To stop the square wave, set the timer to 0 with the settimer function. The square wave will stop if the controller is reset.

To ensure an orderly start of the duty cycle, use the following sequence: settimer(t, 0); /* stop the timer */ request_resource(IO_SYSTEM); turnoff(c, b); /* start with a rising edge */ release_resource(IO_SYSTEM); pulse(c, b, t, o, p); /* start pulses */

If the specified I/O point is on when the pulse function is executed, the square wave will start with the off portion of the cycle.

Use the timeout function to generate irregular or non-repeating sequences.

Use offsets from the symbolic constants DIN_START, DIN_END, DOUT_START and

DOUT_END to reference digital channels. The constants make programs more portable and protect against future changes to the digital I/O channel numbering.

This function is provided for backward compatibility. It cannot access all 5000 series I/O modules. It is recommended that this function not be used in new programs. Instead use

Register Assignment or call the I/O driver ioWrite8Dout directly.

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See Also

pulse_train, settimer, timeout, ioWrite8Dout

Example

This code fragment generates a 60% duty cycle output with a period of 5 seconds. Bit 7 of channel 3 is controlled. Timer 10 generates the square wave. settimer(10, 0); /* stop timer */ request_resource(IO_SYSTEM); turnoff(3, 7); /* turn off the bit */ release_resource(IO_SYSTEM); interval(10, 10); /* set tick rate to 1.0 s */ pulse(3, 7, 10, 3, 5); /* on = 60% of 5 = 3 */

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pulse_train

Generate Finite Number of Pulses

Syntax

#include <ctools.h> void pulse_train(unsigned channel, unsigned bit, unsigned timer, unsigned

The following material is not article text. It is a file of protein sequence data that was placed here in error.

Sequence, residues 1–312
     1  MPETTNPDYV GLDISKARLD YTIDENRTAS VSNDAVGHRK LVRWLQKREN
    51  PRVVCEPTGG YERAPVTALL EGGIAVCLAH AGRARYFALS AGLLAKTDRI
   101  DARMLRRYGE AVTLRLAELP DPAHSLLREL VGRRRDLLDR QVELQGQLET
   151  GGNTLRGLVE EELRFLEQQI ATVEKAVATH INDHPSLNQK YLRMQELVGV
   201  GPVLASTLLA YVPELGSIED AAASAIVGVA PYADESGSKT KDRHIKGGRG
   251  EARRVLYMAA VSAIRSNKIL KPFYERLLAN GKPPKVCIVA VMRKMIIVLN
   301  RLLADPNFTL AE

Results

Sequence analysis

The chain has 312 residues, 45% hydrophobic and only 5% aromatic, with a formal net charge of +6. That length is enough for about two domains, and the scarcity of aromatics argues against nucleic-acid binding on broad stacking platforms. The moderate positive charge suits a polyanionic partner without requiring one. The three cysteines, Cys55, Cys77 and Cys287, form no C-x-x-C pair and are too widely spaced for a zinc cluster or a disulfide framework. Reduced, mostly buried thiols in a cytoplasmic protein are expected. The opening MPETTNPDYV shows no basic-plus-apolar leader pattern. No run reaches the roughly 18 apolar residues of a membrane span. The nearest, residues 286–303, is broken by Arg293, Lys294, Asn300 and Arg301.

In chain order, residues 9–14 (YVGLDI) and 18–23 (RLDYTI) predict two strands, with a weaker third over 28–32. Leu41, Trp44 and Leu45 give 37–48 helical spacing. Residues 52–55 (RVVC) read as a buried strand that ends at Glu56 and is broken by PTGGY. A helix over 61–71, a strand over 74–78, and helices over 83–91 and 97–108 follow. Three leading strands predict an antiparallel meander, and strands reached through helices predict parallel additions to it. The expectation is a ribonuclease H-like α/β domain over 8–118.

pulses);

Description

The pulse_train function generates a specified number of pulses on a digital output point.

The output is a square wave with a 50% duty cycle and a period of 200 milliseconds (5 Hz).

channel specifies the digital output channel.

bit specified the digital output bit.

timer specifies the timer used to generate the square wave.

pulses specifies the number of pulses. The timer interval acts as a multiplier of the number of pulses. The total number of pulses is pulses * interval.

If an error occurs, the current task's error code is set as follows.

TIMER_BADTIMER if the timer number is invalid

TIMER_BADVALUE if the period is less than the on time

TIMER_BADADDR if the digital channel or bit is invalid

Notes

To stop the square wave, set the timer to 0 with the settimer function. The square wave will stop if the controller is reset.

To ensure an orderly start to the pulses, use the following sequence: settimer(t, 0); /* stop the timer */ request_resource(IO_SYSTEM); turnoff(c, b); /* start with a rising edge */ release_resource(IO_SYSTEM); pulse_train(c, b, timer, pulses);

Use offsets from the symbolic constants DIN_START, DIN_END, DOUT_START and

DOUT_END to reference digital channels. The constants make programs more portable and protect against future changes to the digital I/O channel numbering.

This function is provided for backward compatibility. It cannot access all 5000 series I/O modules. It is recommended that this function not be used in new programs. Instead use

Register Assignment or call the I/O driver ioWrite8Dout directly.

See Also

pulse, settimer, timeout, ioWrite8Dout

Example

This code fragment generates 300 pulses on channel 3, bit 4. interval(2, 1); /* multiplier = 1 */ pulse_train(3, 4, 2, 300); /* 300 pulses */

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This code fragment also generates 300 pulses on channel 3, bit 4. It shows the use of a multiplier. interval(2, 100); /* multiplier = 100 */ pulse_train(3, 4, 2, 3); /* 300 pulses */

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queue_mode

Control Serial Data Transmission